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Latest News from the MPIA

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Original 1593688368

The cosmic commute towards star and planet formation

July 06, 2020
Interconnected gas flows reveal how star-forming gas is assembled in galaxies [more]
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Betelgeuse – a giant with blemishes

June 29, 2020
Gigantic star spots are probably the reason for the recent drop in brightness of the red giant star [more]
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Otto-Hahn-Medal for Anna-Christina Eilers

June 19, 2020
Anna-Christina Eilers has been awarded the Otto Hahn Medal by the Max Planck Society (MPG). With this prize, the MPG honors her research in the fields of Quasars, the intergalactic medium and the Milky Way system. [more]
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Nadine Neumayer heads new Lise Meitner Group at MPIA

June 16, 2020
Nadine Neumayer was appointed Lise Meitner Group Leader at the Max Planck Institute for Astronomy (MPIA) in Heidelberg as part of the Lise Meitner Excellence Program of the Max Planck Society (MPG). Most recently, she already headed a Max Planck Research Group in Hans-Walter Rix's ‘Galaxies and Cosmology’ Department at MPIA. Nadine Neumayer initiates and leads research projects that investigate how supermassive black holes are formed and what role they play in the evolution of galaxies. [more]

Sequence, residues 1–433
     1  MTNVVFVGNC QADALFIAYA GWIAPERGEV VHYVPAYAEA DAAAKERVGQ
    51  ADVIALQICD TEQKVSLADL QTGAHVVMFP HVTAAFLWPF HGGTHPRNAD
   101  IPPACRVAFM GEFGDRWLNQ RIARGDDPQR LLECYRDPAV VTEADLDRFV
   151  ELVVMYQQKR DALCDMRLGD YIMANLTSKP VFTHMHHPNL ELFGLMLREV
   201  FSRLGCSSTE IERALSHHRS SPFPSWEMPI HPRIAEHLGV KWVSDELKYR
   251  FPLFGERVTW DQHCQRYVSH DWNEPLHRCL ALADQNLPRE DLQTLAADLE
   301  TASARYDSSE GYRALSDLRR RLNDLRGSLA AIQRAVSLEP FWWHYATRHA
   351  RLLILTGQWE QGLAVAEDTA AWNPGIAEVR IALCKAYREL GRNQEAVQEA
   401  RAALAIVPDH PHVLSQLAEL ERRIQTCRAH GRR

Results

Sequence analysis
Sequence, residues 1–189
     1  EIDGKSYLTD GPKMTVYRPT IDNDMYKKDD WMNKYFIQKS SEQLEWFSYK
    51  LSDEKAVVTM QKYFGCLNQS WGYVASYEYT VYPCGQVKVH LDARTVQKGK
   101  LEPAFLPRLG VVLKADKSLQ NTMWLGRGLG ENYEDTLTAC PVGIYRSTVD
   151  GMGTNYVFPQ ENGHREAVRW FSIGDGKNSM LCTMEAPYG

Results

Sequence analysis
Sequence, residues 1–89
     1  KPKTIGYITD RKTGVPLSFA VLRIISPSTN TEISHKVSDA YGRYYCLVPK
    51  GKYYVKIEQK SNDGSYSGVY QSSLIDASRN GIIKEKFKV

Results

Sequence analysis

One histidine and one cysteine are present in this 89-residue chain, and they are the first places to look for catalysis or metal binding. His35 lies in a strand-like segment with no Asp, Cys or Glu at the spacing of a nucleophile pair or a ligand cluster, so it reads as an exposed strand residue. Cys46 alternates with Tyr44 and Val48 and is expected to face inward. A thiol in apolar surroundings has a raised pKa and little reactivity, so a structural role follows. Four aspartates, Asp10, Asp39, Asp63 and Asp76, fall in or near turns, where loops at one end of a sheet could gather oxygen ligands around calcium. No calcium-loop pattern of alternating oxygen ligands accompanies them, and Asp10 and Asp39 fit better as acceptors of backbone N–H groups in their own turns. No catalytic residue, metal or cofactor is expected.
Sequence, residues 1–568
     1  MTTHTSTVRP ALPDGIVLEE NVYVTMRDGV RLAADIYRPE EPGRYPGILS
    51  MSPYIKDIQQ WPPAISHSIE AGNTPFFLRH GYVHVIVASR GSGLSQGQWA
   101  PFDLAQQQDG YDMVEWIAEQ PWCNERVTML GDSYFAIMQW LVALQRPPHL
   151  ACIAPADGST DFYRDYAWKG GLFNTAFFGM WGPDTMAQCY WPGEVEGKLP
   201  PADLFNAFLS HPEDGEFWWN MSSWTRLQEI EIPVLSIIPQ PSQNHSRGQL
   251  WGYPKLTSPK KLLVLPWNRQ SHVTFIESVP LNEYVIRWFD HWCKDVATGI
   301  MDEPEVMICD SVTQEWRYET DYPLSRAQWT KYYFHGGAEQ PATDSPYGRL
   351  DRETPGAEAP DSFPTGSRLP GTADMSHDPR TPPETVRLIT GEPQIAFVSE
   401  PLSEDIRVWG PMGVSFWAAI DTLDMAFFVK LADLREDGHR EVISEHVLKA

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From dust to, possibly, life: New experiments show complex astrochemistry on thin ice covering dust grains

June 05, 2020
Astronomers from the Max Planck Institute for Astronomy (MPIA) and the University of Jena have obtained a clearer view of nature's tiny deep-space laboratories: tiny dust grains covered with ice. Instead of regular shapes covered thickly in ice, such grains appear to be fluffy networks of dust, with thin ice layers. In particular, that means the dust grains have considerably larger surfaces, which is where most of the chemical reactions take place. Hence, the new structure has fundamental consequences for astronomers' view of organic chemistry in space – and thus for the genesis of prebiotic molecules that could have played an important role for the origin of life on Earth. [more]
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METIS Instrument Passes Design Milestone

June 05, 2020
MPIA contributes significantly to its success [more]
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They grow up so fast: New observations show that massive disk galaxies formed exceptionally early in cosmic history

May 20, 2020
In our 13.8 billion-year-old universe, most disk galaxies like our Milky Way were thought to form gradually, reaching their large mass relatively late. But now astronomers led by Marcel Neeleman from the Max Planck Institute for Astronomy, using the ALMA observatory, have found a massive rotating disk galaxy, seen when the universe was only ten percent of its current age. The observation shows that some disk galaxies must have formed much more quickly. This supports earlier computer simulations that had indicated the role of a quick, "cold" mode of galaxy formation. The results have been published in the journal Nature. [more]
 
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